The best way to control duckweed is to prevent its growth through aeration and nutrient control. The next best ways are to remove the weed and chemically treat the area, which is necessary after overgrowth has occurred. Older and undisturbed ponds are prone to buildup of sediment, which is food for duckweed.
Ponds without aeration and water movement develop a buildup of leaves and sediment, creating stratification and the perfect nutrient-rich breeding ground for duckweed. Netting over the pond can catch leaves and prevent addition to sediment. Bubble aeration, especially toward the pond bottom, creates movement, stirring up sediment and preventing the growth of more nutrients. After overgrowth occurs, physical removal of duckweed is necessary. This is done by skimming the duckweed to the pond side and pulling it out. Removal, though helpful, is not permanent and must be repeated.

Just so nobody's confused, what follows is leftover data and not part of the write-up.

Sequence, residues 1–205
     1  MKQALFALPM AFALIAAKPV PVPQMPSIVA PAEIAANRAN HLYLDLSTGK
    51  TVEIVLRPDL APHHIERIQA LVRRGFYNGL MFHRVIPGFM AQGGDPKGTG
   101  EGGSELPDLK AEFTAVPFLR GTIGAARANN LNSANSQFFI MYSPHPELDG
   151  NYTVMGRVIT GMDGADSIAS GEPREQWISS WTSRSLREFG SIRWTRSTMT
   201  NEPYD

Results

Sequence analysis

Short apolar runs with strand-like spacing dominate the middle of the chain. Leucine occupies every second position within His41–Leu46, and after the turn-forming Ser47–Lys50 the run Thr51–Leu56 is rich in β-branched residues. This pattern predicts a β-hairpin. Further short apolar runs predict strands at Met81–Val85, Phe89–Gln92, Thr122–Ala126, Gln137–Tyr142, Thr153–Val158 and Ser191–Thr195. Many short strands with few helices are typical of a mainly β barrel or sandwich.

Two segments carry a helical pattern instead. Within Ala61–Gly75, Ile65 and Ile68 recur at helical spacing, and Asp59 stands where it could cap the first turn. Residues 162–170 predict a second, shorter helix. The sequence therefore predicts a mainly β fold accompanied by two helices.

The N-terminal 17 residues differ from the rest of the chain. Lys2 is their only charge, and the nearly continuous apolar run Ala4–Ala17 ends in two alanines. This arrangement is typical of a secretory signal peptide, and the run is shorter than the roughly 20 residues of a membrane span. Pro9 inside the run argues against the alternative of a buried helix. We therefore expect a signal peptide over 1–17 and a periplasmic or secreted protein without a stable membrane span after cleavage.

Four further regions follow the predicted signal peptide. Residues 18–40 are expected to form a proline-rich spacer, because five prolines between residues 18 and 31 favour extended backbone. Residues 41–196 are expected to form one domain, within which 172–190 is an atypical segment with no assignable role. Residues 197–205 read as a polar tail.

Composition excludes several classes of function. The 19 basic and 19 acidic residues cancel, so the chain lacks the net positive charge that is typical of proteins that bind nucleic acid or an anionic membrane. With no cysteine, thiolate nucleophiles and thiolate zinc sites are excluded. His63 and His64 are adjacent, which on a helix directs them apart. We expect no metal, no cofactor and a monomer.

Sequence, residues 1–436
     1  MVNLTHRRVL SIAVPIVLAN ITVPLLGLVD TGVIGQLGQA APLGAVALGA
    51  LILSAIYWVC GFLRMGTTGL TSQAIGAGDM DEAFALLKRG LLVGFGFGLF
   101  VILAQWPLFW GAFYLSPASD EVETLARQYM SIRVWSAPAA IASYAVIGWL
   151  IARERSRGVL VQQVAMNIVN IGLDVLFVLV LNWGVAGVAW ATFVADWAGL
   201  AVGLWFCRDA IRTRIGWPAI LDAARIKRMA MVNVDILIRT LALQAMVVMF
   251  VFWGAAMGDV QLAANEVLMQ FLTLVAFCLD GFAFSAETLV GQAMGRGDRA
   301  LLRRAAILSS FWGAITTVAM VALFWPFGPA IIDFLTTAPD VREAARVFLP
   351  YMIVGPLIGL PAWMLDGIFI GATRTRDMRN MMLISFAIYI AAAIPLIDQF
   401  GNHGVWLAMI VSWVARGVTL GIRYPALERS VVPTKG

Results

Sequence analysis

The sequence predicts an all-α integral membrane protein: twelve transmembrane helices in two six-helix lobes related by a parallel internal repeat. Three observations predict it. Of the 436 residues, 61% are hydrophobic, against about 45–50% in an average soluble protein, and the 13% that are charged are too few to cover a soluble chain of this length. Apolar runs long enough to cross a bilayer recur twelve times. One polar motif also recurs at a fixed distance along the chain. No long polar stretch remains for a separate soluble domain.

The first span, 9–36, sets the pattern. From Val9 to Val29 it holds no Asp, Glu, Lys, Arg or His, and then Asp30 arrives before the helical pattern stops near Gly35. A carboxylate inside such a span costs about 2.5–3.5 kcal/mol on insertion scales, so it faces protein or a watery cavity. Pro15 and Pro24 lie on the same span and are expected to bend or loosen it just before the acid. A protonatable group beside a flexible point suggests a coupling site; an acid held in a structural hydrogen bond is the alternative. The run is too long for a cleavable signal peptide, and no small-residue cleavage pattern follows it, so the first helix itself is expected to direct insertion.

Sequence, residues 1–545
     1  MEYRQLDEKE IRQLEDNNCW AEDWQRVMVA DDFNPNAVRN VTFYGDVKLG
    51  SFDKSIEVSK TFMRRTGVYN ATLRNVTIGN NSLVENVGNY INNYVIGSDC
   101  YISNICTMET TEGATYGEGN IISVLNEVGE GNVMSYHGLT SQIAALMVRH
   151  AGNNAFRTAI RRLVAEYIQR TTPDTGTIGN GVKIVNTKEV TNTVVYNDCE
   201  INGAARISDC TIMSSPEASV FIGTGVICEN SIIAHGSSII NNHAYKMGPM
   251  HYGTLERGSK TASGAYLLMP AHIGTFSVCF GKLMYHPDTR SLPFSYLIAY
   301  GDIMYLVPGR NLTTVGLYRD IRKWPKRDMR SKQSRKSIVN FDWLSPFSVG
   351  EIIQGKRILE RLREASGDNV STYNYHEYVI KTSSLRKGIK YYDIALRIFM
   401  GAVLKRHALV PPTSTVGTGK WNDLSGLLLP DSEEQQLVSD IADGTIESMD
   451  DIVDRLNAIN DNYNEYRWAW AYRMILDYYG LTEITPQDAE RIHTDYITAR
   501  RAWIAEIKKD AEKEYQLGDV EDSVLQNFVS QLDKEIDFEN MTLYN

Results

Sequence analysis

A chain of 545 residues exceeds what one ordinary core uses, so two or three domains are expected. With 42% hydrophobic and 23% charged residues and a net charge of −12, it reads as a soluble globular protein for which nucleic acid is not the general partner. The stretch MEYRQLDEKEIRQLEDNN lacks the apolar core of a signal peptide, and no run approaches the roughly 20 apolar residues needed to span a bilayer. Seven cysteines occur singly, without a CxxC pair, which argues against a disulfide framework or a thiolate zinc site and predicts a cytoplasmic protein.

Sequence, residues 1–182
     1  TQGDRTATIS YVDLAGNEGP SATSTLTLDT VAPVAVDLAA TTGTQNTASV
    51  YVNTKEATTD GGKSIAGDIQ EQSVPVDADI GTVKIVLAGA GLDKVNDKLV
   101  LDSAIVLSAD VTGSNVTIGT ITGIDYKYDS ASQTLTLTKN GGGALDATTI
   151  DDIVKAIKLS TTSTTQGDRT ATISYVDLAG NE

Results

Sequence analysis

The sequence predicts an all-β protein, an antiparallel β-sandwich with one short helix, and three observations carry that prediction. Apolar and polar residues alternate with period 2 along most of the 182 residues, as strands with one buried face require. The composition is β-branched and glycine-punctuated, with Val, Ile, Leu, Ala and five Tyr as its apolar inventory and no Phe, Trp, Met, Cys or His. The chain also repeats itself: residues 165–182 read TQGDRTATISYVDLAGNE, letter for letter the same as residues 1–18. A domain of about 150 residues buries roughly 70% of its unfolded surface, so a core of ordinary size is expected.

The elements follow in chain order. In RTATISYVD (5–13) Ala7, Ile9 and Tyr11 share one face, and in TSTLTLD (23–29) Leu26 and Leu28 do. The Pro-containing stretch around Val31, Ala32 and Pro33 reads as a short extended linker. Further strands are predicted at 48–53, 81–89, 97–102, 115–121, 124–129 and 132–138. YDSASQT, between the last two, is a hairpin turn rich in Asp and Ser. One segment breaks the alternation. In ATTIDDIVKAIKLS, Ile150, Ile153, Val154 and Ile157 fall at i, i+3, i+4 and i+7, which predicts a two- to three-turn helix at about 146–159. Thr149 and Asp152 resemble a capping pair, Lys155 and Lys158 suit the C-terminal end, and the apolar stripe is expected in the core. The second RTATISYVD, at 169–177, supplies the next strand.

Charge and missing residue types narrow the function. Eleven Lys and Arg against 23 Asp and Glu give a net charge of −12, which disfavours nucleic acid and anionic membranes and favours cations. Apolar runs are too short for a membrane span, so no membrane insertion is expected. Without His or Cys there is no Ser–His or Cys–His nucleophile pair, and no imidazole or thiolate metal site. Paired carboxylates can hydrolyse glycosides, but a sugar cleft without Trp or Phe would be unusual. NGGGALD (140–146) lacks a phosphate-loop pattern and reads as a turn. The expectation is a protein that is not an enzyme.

Biological treatments, such as introducing Koi, goldfish, grass carp and waterfowl, all of which eat duckweed, can also help reduce the overgrowth. Finally, as a last resort, chemical duckweed killers may be added to pond water to control growth of the plants. Before adding chemicals to a pond, try a combination of aeration, sediment reduction, removal and biological additions to reduce and prevent the growth of duckweed.